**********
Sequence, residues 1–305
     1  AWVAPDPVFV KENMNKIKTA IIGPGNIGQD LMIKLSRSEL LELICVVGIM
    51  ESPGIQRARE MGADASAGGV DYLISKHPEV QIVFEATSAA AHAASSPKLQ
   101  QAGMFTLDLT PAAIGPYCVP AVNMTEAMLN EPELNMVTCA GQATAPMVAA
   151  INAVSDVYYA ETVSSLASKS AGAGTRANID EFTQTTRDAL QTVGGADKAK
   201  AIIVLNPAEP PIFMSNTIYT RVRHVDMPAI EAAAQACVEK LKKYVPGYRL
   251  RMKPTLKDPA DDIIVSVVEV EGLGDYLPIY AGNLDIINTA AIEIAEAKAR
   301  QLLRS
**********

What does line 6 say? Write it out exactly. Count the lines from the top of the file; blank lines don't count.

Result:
   201  AIIVLNPAEP PIFMSNTIYT RVRHVDMPAI EAAAQACVEK LKKYVPGYRL